Paul suggested I try to find an alternate guitar melody to add some texture and depth to the choruses and I love the parts that are there now. “Fly Away” is the first song Zak and I wrote together when we were both at Musicians Institute and Jeff pointed out a few days ago it might be one of the best songs on the album. As a guitarist and songwriter, I just tried to make every song as interesting as possible by adding depth, texture and solid music for Zak to lay vocals over. One thing I dig about playing with these guys is they're not afraid to go in different musical directions. Songs like “Soul To Fire,” “Bleed,” and “Psychotic” are really heavy rockers. Yet others like “Time” and “The Moment” are lighter songs with really memorable vocal melodies.

Please describe your guitar set-up.

For the album my main amps consisted of a Diezel 50 watt Herbert into a Marshall 1960A and a Mesa/Boogie Roadking into a Rectifier 4×12 cab. I also used a Divided By 13 and a Mesa/Boogie Stiletto Deuce on a bunch of tracks. My main guitar was a Jackson JJP, which is an all mahogany bolt-on that was only produced for one year in 1996 and it looks like a Les Paul Junior. I also used a couple Strats and an Alvarez AD62SC, which although pretty inexpensive, sounds and plays extremely well. I didn't use many pedal effects other than a Dunlop Crybaby Wah and a Voodoo Labs Proctavia here and there. Everything else was done during the mix either as outboard gear or Pro Tools plug-ins.

Do you follow a practice routine?

I try to play for an hour or so every day and a bit more when I'm recording or doing live shows. I start unplugged and run through a bunch of different scales, arpeggios, right and left hand exercises…then I plug in and find different patterns or loops to jam over. I always try to find something new, even if it's just a two or three note line that sounds cool. It's really about consistently practicing every day in order to keep my chops up because it goes away quick when I don't put the time in.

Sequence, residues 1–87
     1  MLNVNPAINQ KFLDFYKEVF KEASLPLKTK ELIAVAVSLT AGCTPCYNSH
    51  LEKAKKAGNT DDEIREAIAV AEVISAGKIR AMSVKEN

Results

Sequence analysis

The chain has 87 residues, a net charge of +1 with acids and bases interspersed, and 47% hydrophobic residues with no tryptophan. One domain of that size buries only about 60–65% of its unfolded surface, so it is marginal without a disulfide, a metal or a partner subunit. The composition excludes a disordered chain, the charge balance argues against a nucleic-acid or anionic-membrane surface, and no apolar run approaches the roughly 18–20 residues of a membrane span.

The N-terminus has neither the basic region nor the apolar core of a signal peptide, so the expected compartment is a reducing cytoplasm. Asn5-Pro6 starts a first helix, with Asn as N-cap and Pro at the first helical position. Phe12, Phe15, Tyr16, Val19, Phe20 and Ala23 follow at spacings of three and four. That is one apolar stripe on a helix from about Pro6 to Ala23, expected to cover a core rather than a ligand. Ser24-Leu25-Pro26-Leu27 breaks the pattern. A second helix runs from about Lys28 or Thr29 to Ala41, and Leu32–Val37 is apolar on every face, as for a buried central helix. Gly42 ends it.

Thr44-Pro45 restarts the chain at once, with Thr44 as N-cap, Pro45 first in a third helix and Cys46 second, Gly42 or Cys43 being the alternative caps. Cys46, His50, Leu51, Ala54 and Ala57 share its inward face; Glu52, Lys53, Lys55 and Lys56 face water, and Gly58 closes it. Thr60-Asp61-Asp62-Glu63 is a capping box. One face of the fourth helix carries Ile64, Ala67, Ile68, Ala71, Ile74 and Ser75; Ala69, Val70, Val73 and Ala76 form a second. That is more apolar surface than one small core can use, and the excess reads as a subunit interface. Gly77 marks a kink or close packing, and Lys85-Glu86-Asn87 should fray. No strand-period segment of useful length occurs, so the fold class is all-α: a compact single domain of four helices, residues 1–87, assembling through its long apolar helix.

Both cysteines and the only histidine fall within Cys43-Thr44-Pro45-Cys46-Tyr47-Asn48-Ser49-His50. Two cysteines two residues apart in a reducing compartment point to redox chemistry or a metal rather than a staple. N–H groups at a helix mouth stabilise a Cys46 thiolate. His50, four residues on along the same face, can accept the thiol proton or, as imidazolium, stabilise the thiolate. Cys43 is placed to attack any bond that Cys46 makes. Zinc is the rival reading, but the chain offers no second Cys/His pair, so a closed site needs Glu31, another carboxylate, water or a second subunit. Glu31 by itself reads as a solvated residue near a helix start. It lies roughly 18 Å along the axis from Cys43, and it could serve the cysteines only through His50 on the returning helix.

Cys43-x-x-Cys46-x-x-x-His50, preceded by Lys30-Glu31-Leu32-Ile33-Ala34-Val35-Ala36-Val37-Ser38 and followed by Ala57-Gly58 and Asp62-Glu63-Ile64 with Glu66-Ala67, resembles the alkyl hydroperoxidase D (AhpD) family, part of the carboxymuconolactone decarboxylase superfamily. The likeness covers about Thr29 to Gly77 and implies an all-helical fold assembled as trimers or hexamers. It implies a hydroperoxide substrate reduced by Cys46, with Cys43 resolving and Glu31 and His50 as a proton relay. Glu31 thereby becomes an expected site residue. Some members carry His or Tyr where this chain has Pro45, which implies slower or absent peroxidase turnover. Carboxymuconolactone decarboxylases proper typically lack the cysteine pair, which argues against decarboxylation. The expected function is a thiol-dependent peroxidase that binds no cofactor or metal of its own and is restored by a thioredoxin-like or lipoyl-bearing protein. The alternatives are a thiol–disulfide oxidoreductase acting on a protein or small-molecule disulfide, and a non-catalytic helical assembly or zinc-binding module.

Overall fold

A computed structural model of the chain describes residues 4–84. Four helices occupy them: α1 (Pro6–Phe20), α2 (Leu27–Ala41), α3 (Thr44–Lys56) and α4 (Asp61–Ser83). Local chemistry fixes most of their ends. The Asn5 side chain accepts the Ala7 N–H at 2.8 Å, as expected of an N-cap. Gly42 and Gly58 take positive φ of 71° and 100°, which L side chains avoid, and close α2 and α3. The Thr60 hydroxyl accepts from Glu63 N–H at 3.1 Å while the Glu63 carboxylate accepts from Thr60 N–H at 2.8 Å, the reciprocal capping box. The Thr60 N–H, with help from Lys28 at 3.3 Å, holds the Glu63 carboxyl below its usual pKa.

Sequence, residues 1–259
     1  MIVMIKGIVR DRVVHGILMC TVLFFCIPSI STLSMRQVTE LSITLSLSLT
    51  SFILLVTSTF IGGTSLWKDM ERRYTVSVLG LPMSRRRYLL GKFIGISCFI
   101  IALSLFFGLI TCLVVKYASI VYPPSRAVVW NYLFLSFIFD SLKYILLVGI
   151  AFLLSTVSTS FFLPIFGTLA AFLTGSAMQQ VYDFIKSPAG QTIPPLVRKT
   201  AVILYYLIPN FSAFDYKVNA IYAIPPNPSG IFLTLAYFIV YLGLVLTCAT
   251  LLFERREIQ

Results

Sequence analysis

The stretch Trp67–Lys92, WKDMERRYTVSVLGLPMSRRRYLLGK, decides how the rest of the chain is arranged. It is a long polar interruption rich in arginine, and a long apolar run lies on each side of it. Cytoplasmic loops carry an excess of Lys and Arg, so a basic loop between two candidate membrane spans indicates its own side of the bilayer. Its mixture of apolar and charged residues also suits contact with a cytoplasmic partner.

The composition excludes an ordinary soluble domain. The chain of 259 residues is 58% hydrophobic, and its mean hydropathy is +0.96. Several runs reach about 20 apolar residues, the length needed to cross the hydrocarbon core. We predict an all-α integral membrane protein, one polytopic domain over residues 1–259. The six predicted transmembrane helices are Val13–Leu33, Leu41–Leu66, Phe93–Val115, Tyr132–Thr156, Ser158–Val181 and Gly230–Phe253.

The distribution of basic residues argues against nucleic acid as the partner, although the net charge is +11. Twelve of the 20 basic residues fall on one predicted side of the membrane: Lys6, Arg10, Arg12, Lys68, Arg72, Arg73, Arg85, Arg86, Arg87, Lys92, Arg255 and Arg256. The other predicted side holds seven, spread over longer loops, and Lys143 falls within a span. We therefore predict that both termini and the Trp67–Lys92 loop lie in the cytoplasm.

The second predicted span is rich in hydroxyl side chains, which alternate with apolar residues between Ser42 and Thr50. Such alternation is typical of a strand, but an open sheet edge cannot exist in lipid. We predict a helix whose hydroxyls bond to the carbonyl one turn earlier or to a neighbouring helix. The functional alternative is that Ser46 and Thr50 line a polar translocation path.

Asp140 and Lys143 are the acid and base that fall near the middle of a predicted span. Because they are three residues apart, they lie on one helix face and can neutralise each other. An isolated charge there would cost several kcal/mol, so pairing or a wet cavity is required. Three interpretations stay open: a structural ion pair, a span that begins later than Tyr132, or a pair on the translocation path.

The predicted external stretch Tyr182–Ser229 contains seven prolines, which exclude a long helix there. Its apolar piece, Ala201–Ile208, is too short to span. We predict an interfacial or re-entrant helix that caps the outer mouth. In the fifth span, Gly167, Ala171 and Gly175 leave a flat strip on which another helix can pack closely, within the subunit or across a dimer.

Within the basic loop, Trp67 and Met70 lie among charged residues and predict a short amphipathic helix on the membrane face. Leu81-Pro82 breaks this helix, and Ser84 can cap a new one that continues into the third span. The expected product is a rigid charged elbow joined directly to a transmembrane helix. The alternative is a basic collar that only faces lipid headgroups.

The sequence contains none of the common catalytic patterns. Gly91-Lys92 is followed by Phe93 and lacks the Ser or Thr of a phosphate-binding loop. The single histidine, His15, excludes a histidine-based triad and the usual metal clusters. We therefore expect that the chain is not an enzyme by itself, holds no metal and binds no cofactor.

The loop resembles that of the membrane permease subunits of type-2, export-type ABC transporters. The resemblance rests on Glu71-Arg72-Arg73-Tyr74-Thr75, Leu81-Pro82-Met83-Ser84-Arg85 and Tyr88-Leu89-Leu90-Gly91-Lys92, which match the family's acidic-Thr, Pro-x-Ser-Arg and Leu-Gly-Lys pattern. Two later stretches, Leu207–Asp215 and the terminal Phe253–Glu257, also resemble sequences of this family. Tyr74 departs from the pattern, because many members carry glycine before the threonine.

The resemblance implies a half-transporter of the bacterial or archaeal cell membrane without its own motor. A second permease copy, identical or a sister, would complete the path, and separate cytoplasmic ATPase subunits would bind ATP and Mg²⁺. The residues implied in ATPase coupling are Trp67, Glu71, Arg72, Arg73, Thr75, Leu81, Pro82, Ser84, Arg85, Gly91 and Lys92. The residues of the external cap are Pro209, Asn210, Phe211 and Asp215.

What do you think of modern day rock guitar, and who are some of your favorite guitarists?

I dig a lot of the new stuff. Recent CD purchases have been new ones from Shinedown, Sixx AM, Slipknot, Disturbed, and Kings Of Leon. I like Andy Timmons a lot and John Petrucci blows my mind every time I hear him play. Same thing with Meshuggah and a lot of the Euro Metal Prog type stuff. I also play with another band called Hellspeak, which is more complex, heavier and loaded with shred guitar. It gives me an outlet for the really heavy stuff that's in my system!

What advice would you give to other guitarists?

One tip I'll share is something I learned from a guy named Paul DiBartolo. He was in a Boston band called Bang, they eventually turned into Spread Eagle and put out a couple albums on MCA. Paul taught me to always construct my solos in a manner so you can easily hear what the chord changes are, even if the chord changes aren't being played. I always thought that was genius and I keep it in the back of my mind all the time. Other than that, practice and get as good as you can!